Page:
By BRETT DAVIS
THE CENTER SQUARE STAFF REPORTER
(The Center Square) — Two amicus briefs have been filed opposing Washington state’s new capital gains income tax that is set to go into effect next year.
At issue in the case is whether the new law – which levies a 7% tax on capital gains above $250,000 for individuals and joint filers from the sale of assets such as stocks and bonds – imposes an excise tax or an income tax. And if the latter, whether income is property as defined by the state constitution and subject to its uniformity clause.
On Monday, the first “friend of the court” brief was filed by “Tax Economists and Policy Analysts” that includes Seattle-based think tank the Washington Policy Center and the National Taxpayers Union Foundation. It was followed later in the day by a second amicus brief filed by the Building Industry Association of Washington (BIAW) and the Washington Cattlemen’s Association (WCA).
“This tax is bad law and bad policy. Period,” said Jackson Maynard, general counsel for BIAW, in an email to The Center Square. “We are proud to stand with other associations and point out all the terrible ways that this illegal and unconstitutional tax is also bad for businesses in our state. As we pointed out in our brief, ‘no rational business owner wants to operate in an environment of legal uncertainty, under a tyrannical legislature that ignores constitutional limits on its power.’”
Both amicus briefs focus heavily on the wordplay being used by the state in defending the new tax resulting from Engrossed Substitute Senate Bill 5096, passed by the state legislature and signed by Gov. Jay Inslee earlier this year.
“ESSB 5096 purports to impose an excise tax on capital gains rather than an income tax,” the BIAW/WCA brief states. “This represents a radical departure from how every other jurisdiction in our nation treats capital gains. The federal government, which of course taxes capital gains nationwide, treats them as income. The forty-one states that tax capital gains also treat them as income. The only states that do not tax capital gains as income are those that levy no income taxes at all – Alaska, Florida, Nevada, South Dakota, Texas, and Wyoming – and the two states, New Hampshire and Tennessee, that tax only dividends and interest income earned by individual taxpayers. Thus, every jurisdiction in our nation that taxes capital gains treats them as income, and duly recognizes its capital gains tax as an income tax. The solitary exception is Washington, thanks to ESSB 5096.”
The brief goes on to note, “With the vote forty-nine to one, logic compels the conclusion that the emperor has no clothes and the capital gains tax imposed by ESSB 5096 is actually an income tax, not an excise tax, self-serving legislative nomenclature notwithstanding.”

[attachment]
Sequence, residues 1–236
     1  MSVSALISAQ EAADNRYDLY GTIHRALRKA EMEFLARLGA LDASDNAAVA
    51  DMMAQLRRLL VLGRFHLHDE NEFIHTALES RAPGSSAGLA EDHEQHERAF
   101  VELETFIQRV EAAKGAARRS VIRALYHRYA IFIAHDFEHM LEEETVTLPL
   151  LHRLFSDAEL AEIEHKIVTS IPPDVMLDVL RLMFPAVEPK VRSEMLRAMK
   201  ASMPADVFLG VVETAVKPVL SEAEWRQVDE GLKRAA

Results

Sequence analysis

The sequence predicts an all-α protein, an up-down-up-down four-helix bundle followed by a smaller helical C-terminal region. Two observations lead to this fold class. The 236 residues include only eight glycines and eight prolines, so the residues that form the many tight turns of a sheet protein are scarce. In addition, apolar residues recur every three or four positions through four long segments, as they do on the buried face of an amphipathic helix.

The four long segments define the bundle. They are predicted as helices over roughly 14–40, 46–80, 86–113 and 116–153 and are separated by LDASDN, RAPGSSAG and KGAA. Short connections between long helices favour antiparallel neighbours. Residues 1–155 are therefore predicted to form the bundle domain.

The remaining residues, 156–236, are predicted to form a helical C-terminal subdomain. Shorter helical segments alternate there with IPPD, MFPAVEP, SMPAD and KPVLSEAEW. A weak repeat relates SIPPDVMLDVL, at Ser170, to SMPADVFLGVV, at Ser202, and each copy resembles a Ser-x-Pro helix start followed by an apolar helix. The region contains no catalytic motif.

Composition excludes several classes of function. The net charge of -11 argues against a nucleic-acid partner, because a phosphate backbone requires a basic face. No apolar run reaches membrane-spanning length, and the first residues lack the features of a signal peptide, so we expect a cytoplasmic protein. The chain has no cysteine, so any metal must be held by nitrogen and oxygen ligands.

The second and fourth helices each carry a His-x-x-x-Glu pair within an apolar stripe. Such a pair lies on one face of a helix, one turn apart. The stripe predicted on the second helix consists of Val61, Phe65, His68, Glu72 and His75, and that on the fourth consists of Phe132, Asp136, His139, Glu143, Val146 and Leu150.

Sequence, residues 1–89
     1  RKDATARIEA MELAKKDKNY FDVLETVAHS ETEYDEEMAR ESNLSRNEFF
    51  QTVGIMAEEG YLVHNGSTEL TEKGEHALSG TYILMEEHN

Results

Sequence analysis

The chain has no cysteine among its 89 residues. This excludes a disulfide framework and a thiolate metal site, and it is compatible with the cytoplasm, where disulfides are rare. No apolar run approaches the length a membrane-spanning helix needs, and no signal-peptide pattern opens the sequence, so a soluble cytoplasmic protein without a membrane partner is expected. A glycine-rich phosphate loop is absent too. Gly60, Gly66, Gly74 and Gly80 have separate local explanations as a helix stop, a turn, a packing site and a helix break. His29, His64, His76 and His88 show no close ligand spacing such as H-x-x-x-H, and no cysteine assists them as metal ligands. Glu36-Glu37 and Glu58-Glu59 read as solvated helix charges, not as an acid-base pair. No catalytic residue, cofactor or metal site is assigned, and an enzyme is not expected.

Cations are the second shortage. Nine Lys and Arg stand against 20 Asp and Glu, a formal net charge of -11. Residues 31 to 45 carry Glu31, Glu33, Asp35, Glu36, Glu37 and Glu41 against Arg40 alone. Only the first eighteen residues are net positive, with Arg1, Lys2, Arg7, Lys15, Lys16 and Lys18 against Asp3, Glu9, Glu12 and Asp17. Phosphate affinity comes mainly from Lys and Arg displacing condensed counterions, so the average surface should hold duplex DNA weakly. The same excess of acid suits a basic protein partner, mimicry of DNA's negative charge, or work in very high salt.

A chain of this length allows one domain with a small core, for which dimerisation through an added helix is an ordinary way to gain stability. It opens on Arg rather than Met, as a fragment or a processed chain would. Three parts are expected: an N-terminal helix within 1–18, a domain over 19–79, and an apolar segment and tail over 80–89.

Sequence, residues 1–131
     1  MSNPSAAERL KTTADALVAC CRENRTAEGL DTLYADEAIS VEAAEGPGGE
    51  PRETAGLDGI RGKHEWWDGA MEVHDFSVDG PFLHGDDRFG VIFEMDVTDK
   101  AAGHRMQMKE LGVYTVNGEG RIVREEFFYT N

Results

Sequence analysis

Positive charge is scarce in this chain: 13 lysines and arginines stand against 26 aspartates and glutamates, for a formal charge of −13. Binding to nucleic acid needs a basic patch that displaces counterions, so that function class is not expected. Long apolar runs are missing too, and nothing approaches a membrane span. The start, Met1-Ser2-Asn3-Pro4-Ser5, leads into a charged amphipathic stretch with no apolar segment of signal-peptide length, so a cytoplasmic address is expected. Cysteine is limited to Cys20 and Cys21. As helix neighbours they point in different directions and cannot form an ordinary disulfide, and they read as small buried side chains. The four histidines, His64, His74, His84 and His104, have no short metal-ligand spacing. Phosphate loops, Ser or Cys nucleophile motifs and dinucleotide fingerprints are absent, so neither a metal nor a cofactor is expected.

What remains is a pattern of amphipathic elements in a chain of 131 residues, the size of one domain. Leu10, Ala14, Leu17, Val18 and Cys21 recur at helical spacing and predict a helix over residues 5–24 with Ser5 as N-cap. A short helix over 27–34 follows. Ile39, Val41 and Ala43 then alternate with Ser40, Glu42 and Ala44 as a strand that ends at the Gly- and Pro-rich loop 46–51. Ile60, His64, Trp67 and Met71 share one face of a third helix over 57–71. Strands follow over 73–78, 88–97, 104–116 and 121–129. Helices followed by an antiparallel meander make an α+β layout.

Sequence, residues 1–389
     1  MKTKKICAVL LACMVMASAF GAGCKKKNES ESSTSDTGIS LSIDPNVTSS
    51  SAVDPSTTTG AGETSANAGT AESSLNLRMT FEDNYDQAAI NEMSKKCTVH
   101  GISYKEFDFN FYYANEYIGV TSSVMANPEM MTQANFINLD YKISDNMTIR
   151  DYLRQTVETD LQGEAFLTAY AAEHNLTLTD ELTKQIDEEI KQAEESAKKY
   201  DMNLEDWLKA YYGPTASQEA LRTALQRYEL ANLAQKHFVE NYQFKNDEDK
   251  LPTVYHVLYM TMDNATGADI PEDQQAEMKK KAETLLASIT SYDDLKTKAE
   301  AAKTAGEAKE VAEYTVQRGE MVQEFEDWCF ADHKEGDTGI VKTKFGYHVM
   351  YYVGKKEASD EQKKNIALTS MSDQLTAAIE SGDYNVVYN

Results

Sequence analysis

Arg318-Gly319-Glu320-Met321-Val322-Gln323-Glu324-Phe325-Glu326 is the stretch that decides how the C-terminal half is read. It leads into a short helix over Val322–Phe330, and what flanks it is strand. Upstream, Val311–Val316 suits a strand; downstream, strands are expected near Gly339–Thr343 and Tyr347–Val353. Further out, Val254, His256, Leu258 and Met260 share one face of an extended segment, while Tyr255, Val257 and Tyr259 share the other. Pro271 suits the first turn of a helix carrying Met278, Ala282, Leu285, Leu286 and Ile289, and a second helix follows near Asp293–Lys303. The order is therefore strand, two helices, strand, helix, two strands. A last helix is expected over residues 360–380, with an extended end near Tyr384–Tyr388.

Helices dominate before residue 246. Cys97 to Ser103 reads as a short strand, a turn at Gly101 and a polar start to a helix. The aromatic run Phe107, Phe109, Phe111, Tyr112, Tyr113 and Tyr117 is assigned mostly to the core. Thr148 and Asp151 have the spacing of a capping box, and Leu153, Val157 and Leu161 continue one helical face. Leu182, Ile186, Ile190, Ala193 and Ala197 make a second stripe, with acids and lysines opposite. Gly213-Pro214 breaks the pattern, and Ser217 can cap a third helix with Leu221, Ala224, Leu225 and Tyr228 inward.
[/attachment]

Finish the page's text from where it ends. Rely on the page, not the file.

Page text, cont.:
The brief also took exception to the linguistic creativity used by the state to justify the law.
“Roses are roses, ducks are ducks, and taxes on capital gains are taxes on income,” according to the brief. “Excise taxes or transaction taxes do not have exemption levels, nor are they imposed on annual totals, nor do they track the filing deadlines and requirements of the federal income tax. State income taxes do all those things. Washington taxpayers will fill out a return due the same day as the federal income tax, and the base of the tax will be derived from capital gains taxed under the federal income tax and state income taxes. The IRS, every other state, and every tax expert agree that capital gains are income.”
In April, the Freedom Foundation, an Olympia-based think tank, filed a lawsuit against the new tax alleging it violates the state constitution, as well as the Commerce Clause of the U.S. Constitution by taxing the sale of capital gains held out-of-state by Washington state residents.
In May, former state Attorney General Rob McKenna filed a second lawsuit on behalf of a coalition of farmers, business owners, investors, and the Lacey-based Washington Farm Bureau, claiming the law is unconstitutional because it’s really a graduated income tax and not an excise tax.
The cases were subsequently consolidated in Douglas County Superior Court. On Sept. 10, Judge Brian Huber issued a ruling denying the state’s motion to dismiss.
The case is expected to be decided later this year or early 2022. It’s widely anticipated the decision will be appealed and that the validity of the tax will ultimately be decided by the Washington State Supreme Court.
Brett Davis covers the Washington state government for The Center Square.